Lisa Abbott Helps Deliver Health with Care

Lisa Abbott empowers her team to be progressive drivers of Lifespan through mentorship, respect, and compassion for the community

As the senior vice president of human resources and community affairs at Lifespan, Rhode Island’s largest health system and employer, Lisa Abbott feels an incredible obligation to keep the people in the state employed and make world-class healthcare accessible to the community. She achieves this by assembling mission-driven teams and creating an inclusive culture based on Lifespan’s core values.

Lifespan serves Rhode Island and New England through its offerings as a comprehensive, integrated, academic health system with five hospitals and affiliation with the Warren Alpert Medical School of Brown University. Lifespan’s over seventeen thousand employees represent a broad spectrum of experience, occupations, and cultural backgrounds. With the acquisition of Coastal Medical Group in April 2020 and the potential merger with Care New England, Rhode Island’s biggest employer is getting bigger—and Abbott is making it more inclusive.

lisa abbott
Lisa Abbott, SVP of HR & Community Affairs, LifespanPhoto by Rupert Whiteley

When managing a merger from an HR perspective, Abbott is fully aware of the importance of making sure no parties feel like they are losing their identity. “It’s all in that cultural assimilation,” she says. “How do we preserve the best of who they are and what they bring and at the same time welcome them into the Lifespan family?” It’s a delicate balance, but regular communication and inclusivity in the business culture help lead the way for combined growth.

Coastal Medical Group officially becoming a part of the Lifespan health network arms the company with a high-performing primary care practice. Coastal not only aligns with Lifespan’s business strategy, but significantly simplifies the process of connecting patients to the specialists they need, allowing the company to better serve the community.

The potential merger with Care New England would provide Lifespan with service lines in obstetrics and gynecology and childbirth, while Lifespan’s domain is more related to pediatrics. This merger would deliver the ability to be synergistic with healthcare offerings from cradle to grave. “There’s not a lot of redundancy in the system; there’s a lot of opportunity for more continuity of care,” Abbott explains. “And there’s a lot more opportunity to deliver a better patient care experience.”

Abbott believes the Care New England merger would provide incredible community benefit as well. As head of community affairs at Lifespan, Abbott oversees a community health institute that strives to alleviate social determinants that keep people from receiving care such as food scarcity, access to quality care, or transportation to a job. “We see our ability through this merger to expand exponentially the services that we can provide around social determinants and peoples’ needs,” says Abbott.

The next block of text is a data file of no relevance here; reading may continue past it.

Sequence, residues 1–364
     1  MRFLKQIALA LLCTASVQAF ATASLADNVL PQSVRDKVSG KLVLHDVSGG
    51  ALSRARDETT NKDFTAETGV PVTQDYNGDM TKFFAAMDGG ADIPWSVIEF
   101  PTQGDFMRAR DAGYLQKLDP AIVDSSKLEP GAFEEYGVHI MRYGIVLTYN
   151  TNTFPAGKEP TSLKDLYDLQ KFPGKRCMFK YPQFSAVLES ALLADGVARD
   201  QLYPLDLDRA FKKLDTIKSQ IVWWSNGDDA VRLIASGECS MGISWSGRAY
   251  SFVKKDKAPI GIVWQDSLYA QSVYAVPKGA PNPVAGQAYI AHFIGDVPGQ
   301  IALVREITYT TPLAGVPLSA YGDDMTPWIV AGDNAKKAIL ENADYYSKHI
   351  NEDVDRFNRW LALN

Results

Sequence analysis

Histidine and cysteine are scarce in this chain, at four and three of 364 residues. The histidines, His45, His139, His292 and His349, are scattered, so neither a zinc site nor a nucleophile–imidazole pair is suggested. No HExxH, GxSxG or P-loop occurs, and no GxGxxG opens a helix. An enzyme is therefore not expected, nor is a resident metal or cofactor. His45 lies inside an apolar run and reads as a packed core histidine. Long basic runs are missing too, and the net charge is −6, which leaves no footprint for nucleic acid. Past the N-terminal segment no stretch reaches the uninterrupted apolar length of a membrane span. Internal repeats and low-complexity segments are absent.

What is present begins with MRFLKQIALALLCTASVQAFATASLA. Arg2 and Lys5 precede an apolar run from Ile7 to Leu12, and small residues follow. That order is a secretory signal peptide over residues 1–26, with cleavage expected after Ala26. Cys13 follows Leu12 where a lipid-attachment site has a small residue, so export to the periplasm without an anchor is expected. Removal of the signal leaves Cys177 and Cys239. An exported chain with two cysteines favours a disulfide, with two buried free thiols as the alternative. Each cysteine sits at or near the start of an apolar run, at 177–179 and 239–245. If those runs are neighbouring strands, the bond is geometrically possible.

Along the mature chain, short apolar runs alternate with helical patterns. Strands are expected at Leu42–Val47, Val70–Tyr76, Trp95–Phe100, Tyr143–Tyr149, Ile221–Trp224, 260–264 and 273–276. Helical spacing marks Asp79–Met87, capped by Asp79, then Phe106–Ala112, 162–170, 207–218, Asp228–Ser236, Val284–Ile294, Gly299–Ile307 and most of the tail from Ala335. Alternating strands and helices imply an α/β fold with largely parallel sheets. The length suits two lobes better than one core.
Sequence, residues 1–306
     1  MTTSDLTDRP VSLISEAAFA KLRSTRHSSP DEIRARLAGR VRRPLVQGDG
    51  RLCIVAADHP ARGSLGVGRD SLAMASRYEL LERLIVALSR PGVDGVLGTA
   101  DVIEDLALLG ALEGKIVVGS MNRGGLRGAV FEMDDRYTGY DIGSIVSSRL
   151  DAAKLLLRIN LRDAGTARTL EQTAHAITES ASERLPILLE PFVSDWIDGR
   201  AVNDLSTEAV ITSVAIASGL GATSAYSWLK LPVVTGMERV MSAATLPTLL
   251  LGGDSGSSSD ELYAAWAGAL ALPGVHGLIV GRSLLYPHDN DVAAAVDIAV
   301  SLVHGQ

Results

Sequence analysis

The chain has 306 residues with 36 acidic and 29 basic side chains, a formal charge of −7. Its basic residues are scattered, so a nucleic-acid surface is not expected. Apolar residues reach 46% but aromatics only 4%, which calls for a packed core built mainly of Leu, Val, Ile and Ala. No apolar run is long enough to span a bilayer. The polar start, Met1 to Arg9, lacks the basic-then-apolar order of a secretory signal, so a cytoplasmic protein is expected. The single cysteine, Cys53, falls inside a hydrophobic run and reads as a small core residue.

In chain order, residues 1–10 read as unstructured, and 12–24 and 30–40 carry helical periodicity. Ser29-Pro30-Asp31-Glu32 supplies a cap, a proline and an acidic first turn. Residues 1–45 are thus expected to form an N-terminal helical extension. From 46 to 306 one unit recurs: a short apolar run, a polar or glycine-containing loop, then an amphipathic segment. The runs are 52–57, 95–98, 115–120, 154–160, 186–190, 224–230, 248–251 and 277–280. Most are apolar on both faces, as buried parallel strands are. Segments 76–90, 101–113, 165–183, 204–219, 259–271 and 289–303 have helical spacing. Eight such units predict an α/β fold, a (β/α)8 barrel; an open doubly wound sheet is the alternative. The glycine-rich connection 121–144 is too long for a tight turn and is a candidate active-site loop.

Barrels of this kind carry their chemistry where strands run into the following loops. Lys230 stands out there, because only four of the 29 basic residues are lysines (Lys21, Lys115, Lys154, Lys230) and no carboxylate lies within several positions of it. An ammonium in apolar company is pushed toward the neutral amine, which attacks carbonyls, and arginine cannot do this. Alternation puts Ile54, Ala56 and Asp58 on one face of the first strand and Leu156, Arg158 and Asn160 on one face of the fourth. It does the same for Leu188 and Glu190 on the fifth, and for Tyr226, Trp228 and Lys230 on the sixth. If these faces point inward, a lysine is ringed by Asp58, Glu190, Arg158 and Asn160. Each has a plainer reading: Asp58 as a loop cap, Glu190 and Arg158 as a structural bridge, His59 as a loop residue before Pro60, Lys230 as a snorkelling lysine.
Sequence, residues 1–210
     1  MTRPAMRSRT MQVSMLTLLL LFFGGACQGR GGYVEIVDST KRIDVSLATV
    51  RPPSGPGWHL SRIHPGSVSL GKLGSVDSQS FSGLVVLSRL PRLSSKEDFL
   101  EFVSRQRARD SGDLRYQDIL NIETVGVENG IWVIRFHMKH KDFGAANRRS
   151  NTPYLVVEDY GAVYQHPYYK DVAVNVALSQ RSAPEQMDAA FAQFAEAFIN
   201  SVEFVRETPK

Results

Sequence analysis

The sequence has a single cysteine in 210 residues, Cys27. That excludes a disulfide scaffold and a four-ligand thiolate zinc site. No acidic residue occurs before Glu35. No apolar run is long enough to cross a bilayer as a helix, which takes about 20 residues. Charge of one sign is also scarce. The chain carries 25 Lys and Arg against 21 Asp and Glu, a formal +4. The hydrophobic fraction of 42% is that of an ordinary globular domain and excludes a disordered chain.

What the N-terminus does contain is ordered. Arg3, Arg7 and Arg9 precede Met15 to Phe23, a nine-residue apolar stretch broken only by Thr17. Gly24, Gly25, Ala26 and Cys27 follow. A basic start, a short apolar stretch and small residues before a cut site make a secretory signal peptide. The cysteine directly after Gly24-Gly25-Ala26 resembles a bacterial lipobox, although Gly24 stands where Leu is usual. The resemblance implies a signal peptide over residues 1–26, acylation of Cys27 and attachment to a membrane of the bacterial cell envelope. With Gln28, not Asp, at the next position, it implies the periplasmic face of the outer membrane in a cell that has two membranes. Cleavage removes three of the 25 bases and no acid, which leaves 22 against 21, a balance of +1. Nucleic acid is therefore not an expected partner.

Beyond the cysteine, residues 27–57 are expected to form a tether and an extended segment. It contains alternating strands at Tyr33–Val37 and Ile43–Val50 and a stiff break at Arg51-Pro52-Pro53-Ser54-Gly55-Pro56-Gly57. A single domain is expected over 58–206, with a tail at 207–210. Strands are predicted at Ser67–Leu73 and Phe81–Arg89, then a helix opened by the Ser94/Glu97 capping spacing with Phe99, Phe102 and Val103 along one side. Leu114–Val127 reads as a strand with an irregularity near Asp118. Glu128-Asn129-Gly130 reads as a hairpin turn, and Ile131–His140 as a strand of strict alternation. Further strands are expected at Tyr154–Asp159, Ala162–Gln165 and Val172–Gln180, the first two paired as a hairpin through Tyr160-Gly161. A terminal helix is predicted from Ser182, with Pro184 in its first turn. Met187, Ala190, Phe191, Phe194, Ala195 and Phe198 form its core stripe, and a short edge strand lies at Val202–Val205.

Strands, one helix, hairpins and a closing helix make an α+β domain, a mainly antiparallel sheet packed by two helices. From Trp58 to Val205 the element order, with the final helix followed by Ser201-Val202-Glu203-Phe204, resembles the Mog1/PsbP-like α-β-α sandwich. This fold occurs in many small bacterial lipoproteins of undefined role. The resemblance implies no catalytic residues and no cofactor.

“We’re here because we deliver health with care. It’s all about the patient experience. We touch, in some way, everyone in our community, and that matters.”

Abbott is in her sixth year leading the HR department at Lifespan. She’s had the opportunity to build teams in executive leadership, HR, and community affairs among other areas. When it comes to her approach for encouraging her teams to be progressive drivers of Lifespan, Abbott states, “My job is to coalesce around [Lifespan’s] mission. And make sure everybody sees why their job is related to our mission and why that makes them essential.”

She places an emphasis on hiring people that want to serve a purpose greater than self—an invaluable quality that cascades into the organization. “I’ve been very fortunate in my career to have good mentors and to have been given real breakthrough opportunities,” she says. Abbott pays it forward with her involvement in mentoring her teams in HR and community affairs with the same encouragement and guidance she received early in her career.

“I want [employees] to come in engaged and motivated, and I want them to go home feeling like they matter today,” Abbott notes. “I want them to bring a good version of themselves home. So, I try to instill that passion in the team. I want people to feel passionate about the mission.”

This level of respect doesn’t stop at her direct reports and department members. Lifespan values the voices of every employee and conducts engagement surveys to hear their concerns and opinions about the company. Abbott is a proponent of this open dialogue and wants to make sure everyone feels heard. She explains, “We try to communicate what we’ve acted on as a result of what people shared was important. Because that’s what they need to see—they need results.”

Abbott explains that Lifespan’s “CARE” values—Compassion, Accountability, Respect, and Excellence—are also a driving force in how she approaches her team. “We’re going to treat each other with respect,” she notes, “and we will continue to have that as a theme of our action plan going forward.”

Lifespan was also recently awarded a $10 million grant to build pipeline programs for Black and Indigenous populations. “As the state’s largest employer, I feel an incredible obligation to keep the people employed that work at Lifespan and create employment opportunities for those looking for them,” Abbott says.

She wants her team to feel passionate about the mission and their purpose at Lifespan, while opening avenues for new members to find a place where they belong in the organization. “We’re here because we deliver health with care. It’s all about the patient experience,” she says. “We touch, in some way, everyone in our community, and that matters.”